The Republican National Convention just finished, and the Democratic National Convention just began. I didn’t watch the former, and I’m not going to watch the latter.
I’d like to say that I’m boycotting both out of some sort of political fortitude or maybe the belief that one was better or worse than the other … or any reason other than I’d rather sit through a painful episode of “Honey Boo Boo” than listen to either party drone on about why they deserve my vote.
To be perfectly honest, I have not had any indication in the past ten years as to why either party deserves anyone’s vote. I’m sure there are stalwarts out there who will say I’m being silly and will triumphantly hold their party’s flag over my editorial grave, AKA the trashcan where they left my article. You know what? That’s fine with me.
My malaise with both parties is pretty simple. Neither has done much to improve the United States. Sure, there are little things here and there, but can I honestly say that the country is better than it was four years ago? No. It’s not all the president’s fault, either. If we’re going to assign blame, the problem is where to begin.
There’s the Tea party, which rose to popularity shortly before the 2008 campaign. I’ve been to a few of their rallies, and I’ve heard the rhetoric. I believe many of the folks involved have good intentions but are seriously misguided. To me it is a whole group dedicated to stalling, tearing down, fighting government. They’ve built their base on in-fighting, with many of their candidates hoisting banners of no new taxes and no compromise.
Then I look at the regular Republicans, who largely allowed themselves to be taken over by the tea partiers. Together they have devoted the past four years to defeating Obama at all cost – let me repeat: “all costs.”
Then I look to the Democrats, who had the power and squandered it. In addition to the White House, they had control of the House and Senate before they lost the House. They have consistently bungled their messages and failed to support their own agendas. They have barely been able to support Obama.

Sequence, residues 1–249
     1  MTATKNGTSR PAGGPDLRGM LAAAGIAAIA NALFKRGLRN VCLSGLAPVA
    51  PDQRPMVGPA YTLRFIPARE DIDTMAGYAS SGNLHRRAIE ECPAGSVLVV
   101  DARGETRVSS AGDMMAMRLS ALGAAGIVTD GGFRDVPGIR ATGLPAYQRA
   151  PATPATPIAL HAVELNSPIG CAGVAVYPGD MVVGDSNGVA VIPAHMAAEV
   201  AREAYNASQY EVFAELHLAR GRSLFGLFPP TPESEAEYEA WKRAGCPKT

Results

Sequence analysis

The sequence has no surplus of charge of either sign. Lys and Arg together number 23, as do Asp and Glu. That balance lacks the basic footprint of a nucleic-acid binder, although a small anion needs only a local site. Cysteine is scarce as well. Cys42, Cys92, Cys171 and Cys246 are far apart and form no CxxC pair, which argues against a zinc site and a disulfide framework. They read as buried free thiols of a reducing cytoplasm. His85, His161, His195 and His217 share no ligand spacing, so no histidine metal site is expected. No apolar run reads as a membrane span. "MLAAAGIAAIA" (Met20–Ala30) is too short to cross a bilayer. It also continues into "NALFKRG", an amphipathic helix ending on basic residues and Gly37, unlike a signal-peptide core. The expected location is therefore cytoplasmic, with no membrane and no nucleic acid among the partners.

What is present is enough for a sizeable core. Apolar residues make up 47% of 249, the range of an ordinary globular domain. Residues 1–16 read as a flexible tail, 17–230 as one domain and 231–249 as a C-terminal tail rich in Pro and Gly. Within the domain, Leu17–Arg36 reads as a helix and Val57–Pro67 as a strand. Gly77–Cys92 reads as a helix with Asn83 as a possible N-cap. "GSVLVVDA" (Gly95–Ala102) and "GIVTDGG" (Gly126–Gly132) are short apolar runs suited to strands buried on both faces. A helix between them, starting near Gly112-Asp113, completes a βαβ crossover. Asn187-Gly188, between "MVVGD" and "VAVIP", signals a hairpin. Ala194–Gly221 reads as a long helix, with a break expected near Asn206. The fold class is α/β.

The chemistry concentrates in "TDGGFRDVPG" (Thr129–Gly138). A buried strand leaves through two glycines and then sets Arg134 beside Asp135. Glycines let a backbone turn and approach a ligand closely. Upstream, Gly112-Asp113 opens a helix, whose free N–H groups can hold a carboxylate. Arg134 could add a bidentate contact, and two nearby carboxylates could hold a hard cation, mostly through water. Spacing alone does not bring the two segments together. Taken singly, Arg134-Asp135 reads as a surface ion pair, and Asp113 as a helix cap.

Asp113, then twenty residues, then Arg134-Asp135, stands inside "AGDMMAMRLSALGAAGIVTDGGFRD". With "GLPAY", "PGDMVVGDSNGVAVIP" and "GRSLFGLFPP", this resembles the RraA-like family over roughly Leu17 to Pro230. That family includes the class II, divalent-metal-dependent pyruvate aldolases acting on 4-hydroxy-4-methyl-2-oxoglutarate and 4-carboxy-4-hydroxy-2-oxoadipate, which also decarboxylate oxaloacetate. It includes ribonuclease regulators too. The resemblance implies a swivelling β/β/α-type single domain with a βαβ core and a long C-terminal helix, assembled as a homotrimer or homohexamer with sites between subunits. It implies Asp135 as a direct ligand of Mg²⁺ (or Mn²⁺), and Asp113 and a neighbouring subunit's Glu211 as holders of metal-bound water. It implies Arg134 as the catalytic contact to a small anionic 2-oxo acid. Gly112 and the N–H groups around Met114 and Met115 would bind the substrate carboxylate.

By the way, the great birth certificate debate actually got its start in the Democrats’ camp. It was Hillary Clinton’s primary campaigners who produced that gem four years ago.
Both sides offer extreme points of view that I cannot come to grips with, beginning with the legislative logjam that threatens to ruin our governmental system.
The Legislative branch has atrophied. The Democrats can’t agree and the Republicans just want to defeat Obama “at all costs.” That no-compromise, all-or-nothing attitude is poison.
Whatever happened to being good stewards?
Why can’t a political party or a politician just make that promise and follow through? If there was a change, I would hope it would be that. All the fighting, grousing and gangrenous political rhetoric – that belief that if it doesn’t work the way I want it to, right now, I’ll just kill it off – is not helping the nation.
Why can’t a group like the tea party use its influence to affect change that will improve the nation and not take the negative position? If you believe in limiting governmental power, then why not get a politician who will work to that end in a positive way, rather than a divisive one?
We can work together. It has happened before. We can be good stewards.
We just need to get out of our own way.